Forcing Gzipped content

30 September 2010

What would happen if every time you served a CSS or JavaScript file from your server you sent it Gzipped? Ignore whether the browser thinks it can handle compressed content, just send it compressed anyway.

Steve Souders talks about forcing Gzip compression at Google here, and this method assumes there is a significant number of browsers that won't be able to compress it and will choke. It would be interesting to see Google's data on that.

What if you took the Google idea:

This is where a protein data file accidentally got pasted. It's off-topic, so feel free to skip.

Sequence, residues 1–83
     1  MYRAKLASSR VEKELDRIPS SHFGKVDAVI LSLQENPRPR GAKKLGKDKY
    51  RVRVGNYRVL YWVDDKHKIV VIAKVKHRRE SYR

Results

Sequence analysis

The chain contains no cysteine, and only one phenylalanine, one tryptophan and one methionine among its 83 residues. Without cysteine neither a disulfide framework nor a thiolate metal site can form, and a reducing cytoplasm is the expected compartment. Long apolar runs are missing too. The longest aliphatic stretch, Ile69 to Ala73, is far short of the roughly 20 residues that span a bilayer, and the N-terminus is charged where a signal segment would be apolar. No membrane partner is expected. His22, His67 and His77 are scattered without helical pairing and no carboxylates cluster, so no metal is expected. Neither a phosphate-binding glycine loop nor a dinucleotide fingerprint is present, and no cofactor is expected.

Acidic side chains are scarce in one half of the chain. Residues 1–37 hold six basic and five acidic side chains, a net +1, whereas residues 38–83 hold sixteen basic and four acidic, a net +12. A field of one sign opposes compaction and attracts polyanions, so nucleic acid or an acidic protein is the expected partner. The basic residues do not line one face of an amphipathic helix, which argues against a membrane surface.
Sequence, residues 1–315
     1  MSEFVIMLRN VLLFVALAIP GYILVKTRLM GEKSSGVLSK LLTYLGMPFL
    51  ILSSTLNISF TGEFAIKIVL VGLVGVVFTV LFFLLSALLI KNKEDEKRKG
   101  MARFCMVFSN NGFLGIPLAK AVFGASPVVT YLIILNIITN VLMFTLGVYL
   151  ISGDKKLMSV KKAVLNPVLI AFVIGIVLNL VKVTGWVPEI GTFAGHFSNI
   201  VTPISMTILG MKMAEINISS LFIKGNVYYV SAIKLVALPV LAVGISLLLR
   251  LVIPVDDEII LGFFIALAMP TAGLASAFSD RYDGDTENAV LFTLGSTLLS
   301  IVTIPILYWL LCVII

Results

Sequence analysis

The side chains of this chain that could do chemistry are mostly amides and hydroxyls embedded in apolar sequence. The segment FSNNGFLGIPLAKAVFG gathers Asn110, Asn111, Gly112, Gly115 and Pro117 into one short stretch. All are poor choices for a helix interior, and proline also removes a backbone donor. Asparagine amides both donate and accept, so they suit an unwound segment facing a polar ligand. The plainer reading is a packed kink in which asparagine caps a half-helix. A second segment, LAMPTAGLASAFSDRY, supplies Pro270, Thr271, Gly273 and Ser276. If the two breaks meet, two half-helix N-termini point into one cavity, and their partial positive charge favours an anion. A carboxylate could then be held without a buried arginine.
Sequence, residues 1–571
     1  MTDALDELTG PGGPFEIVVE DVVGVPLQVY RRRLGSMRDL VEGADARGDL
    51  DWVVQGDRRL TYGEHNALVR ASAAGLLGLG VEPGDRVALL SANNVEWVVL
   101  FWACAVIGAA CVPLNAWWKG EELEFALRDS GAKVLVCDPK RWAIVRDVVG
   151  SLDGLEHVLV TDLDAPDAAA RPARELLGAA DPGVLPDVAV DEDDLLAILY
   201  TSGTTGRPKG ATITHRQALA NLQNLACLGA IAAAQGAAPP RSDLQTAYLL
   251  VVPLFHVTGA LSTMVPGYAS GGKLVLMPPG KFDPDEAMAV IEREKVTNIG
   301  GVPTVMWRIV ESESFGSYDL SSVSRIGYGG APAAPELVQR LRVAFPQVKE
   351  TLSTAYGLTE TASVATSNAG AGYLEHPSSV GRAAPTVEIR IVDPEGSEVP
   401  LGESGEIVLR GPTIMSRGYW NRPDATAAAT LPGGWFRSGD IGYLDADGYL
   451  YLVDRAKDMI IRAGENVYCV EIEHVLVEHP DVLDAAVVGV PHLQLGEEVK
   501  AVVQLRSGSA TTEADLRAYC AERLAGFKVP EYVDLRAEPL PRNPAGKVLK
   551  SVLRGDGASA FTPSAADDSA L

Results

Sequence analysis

1. For requests with missing or mangled Accept-Encoding headers, inspect the User-Agent to identify browsers that should understand gzip.
  2. Test their ability to decompress gzip.
  3. If successful, send them gzipped content!

And changed it to:

  1. Send them gzipped content!

Do we have any real-world data that tells us practically, how many browsers would not be able to deal with that, and what percentage of users would get a broken experience?

This came up because Simon Willison tweeted:

S3/CloudFront don't handle conditional gzip, at all? That's a pretty shocking omission. The workarounds are really ugly&hellpi;

Perhaps it is a pretty shocking omission, but plenty of people are serving compressed JS and CSS from Cloudfront, right? So is it as much of a deal-breaker as it might have been a few years ago?